Academics with Professional Doctorate Degrees in Ghanaian Universities

Academics with Professional Doctorate Degrees in Ghanaian Universities

Joseph Ezale Cobbinah (University of Ghana, Accra, Ghana) and Abigail Ayorkor Aryeh-Adjei (University of Ghana, Accra, Ghana)
DOI: 10.4018/IJAVET.2018070103
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Over the years, entry into the academia in any Ghanaian university requires an advanced research degree, more preferably traditional doctorate. In the last ten years, a reasonable number of academics entering Ghanaian universities enter with professional doctorate degrees. This article seeks to investigate the acceptability of professional doctorate degree holders in Ghanaian universities, how they are perceived by their counterparts in the academia and their suitability in the universities. The data was gathered from respondents in public universities using interview schedule. The study concluded that since university education is not only to prepare students to enter the academia the involvement of professional doctorate holders in university teaching and learning would also help universities to effectively train students to acquire skills that will make them versatile in the present world of work.
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The introduction professional doctorate alongside traditional PhD has created an opportunity for those who are working and wish to advance their careers and individuals who are ‘seeking development, in forms of professional practice’ and cannot embark on full-time doctoral studies also to gain doctorial education and award (Wellington & Sikes, 2006; Pratt, Tedder, Boyask, & Kelly, 2015:43; Wildy, Peden, & Chan, 2015). The growing demand of doctoral education and universities efforts to increase their fee revenue has also made several universities introducing professional doctorates (Bourner, Bowden, & Laing, 2001; Neumann, 2005). However, over the years many universities have introduced professional doctorates although ‘several reasons have contributed to the spread of professional doctorates’ (Wildy et al., 2015:763). Award of professional doctorate (EdD) started in USA by Harvard University in 1921 (Bourner et al., 2001), countries like the UK, Australia, Canada, the Netherlands and China are also awarding professional doctorates in different fields of study (Chiteng Kot & Hendel 2011 as cited in Widly et al., 2015). In Ghana, University of Education in Winneba is currently running professional doctorate degrees in Education (EdD) with specializations in Educational Leadership and Social Studies (University of Education, 2015); Kwame Nkrumah University of Science and Technology is also running professional doctorate degree in Business Administration (DBA). Professional doctorates are not common qualifications awarded by universities in Ghana, but some university academics who seek to remain in the academia but do not have a PhD are embarking on professional doctoral studies.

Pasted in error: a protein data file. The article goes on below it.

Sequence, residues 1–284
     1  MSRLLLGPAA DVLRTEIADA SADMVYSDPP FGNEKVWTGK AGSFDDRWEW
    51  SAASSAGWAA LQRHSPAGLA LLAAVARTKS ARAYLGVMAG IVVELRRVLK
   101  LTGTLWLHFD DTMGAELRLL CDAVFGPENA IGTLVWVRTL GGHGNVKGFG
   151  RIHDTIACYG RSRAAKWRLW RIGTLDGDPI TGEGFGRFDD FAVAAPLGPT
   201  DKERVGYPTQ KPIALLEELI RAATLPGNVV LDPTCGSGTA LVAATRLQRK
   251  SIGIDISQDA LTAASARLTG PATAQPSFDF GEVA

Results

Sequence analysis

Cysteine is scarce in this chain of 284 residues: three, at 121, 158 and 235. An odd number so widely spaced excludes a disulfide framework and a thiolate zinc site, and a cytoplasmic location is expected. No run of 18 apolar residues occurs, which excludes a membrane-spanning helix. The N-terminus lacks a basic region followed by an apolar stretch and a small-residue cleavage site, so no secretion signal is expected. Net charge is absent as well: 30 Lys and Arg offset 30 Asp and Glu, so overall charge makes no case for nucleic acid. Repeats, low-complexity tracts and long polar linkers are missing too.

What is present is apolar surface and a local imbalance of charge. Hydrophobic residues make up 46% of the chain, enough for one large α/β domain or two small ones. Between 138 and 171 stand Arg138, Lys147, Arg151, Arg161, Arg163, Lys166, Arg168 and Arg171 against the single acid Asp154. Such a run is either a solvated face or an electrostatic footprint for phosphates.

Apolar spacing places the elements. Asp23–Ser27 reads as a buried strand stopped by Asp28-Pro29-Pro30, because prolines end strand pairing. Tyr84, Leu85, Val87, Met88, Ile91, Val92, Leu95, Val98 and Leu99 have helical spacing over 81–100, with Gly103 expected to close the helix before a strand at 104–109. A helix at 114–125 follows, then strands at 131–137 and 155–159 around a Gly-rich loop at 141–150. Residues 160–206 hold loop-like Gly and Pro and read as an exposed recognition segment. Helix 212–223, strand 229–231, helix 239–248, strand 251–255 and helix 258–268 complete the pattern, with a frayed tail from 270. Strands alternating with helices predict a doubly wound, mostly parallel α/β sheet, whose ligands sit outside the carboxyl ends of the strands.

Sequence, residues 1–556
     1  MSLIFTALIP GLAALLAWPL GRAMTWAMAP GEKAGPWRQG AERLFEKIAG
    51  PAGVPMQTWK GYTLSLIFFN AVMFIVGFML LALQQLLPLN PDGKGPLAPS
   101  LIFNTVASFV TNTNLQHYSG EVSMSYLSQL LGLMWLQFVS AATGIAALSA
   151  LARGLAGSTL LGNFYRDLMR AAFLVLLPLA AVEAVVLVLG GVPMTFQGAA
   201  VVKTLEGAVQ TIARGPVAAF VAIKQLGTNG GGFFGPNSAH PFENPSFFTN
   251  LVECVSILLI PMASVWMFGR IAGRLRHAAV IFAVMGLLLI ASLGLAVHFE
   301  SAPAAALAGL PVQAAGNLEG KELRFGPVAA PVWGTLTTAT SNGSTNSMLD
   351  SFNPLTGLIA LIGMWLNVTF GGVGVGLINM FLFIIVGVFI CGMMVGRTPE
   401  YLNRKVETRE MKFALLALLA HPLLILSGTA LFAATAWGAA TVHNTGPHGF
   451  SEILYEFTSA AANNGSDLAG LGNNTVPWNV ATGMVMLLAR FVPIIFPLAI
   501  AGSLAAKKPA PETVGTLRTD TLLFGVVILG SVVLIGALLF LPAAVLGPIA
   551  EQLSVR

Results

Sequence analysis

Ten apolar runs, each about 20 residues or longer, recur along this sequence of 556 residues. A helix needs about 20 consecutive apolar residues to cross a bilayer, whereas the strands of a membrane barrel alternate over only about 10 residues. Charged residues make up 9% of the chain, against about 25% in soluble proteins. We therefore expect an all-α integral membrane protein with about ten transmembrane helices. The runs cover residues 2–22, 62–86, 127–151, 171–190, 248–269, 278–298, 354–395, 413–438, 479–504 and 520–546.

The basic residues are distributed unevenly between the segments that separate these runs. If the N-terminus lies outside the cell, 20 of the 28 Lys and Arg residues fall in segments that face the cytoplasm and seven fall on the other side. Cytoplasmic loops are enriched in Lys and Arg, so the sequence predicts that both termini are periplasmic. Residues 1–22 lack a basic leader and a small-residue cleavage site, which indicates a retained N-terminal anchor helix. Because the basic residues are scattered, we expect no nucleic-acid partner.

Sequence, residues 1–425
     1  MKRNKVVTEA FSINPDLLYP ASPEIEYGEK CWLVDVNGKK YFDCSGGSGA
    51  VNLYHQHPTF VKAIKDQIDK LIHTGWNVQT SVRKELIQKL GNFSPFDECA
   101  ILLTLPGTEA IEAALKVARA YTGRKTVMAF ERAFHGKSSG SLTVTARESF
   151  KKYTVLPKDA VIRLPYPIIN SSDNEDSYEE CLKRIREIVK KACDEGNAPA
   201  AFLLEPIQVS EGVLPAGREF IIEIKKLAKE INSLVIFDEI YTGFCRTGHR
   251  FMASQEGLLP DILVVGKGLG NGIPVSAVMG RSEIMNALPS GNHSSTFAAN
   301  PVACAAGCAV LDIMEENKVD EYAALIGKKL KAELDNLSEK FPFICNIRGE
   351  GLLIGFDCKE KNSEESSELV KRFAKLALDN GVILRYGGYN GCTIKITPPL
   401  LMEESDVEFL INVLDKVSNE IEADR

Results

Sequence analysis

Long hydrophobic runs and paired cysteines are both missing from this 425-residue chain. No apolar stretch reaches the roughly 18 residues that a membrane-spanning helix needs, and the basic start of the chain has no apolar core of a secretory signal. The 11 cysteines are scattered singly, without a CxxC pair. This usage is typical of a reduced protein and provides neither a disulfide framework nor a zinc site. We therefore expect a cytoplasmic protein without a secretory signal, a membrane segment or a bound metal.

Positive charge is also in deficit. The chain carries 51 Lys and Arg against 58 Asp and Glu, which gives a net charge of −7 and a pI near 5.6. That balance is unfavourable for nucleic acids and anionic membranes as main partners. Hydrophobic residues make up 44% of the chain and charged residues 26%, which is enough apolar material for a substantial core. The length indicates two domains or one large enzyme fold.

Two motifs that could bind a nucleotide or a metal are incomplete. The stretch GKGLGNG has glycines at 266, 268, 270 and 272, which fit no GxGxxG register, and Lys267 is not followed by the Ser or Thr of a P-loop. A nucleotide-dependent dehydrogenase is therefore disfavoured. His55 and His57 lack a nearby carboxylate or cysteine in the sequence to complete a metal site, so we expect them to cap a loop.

Proliferation of professional doctorates emanated from a number of reasons; industries’ dissatisfaction with traditional doctorate (PhD) which they argue did not meet their requirements, because its focus is more on research leaving little focus on industrial practice (Bourner, Bowden, & Laing 2000; Green, Maxwell, & Sanahan, 2001 cited in Wildy, Peden & Chan, 2015); it provides an alternative route for those who by virtue of their work commitments cannot study and gain a traditional PhD through full time education (Gallagher, 2000; Neumann, 2002; Morley & Petty, 2010); prestige, for career progression, increased self-esteem and confidence and improved salaries (Wellington & Sikes, 2006); as an avenue to increase university revenue (Neumann, 2005); new market demands (Chiteng Kot, & Hendel, 2012); ‘expansion of knowledge and skills as researchers of professional practice’ (Wildy et al., 2015: 761); due to government policy for institutions to train highly educated society to enhance economic competition in countries such as Australia, USA, UK and Canada (McWilliam et al., 2002 as cited in Wildy et al., 2015).

However, some critics also argue that professional doctorates lack adequate research skills which could be applicable in industry (Green & Powell 2005 as cited in Morley & Petty, 2010).

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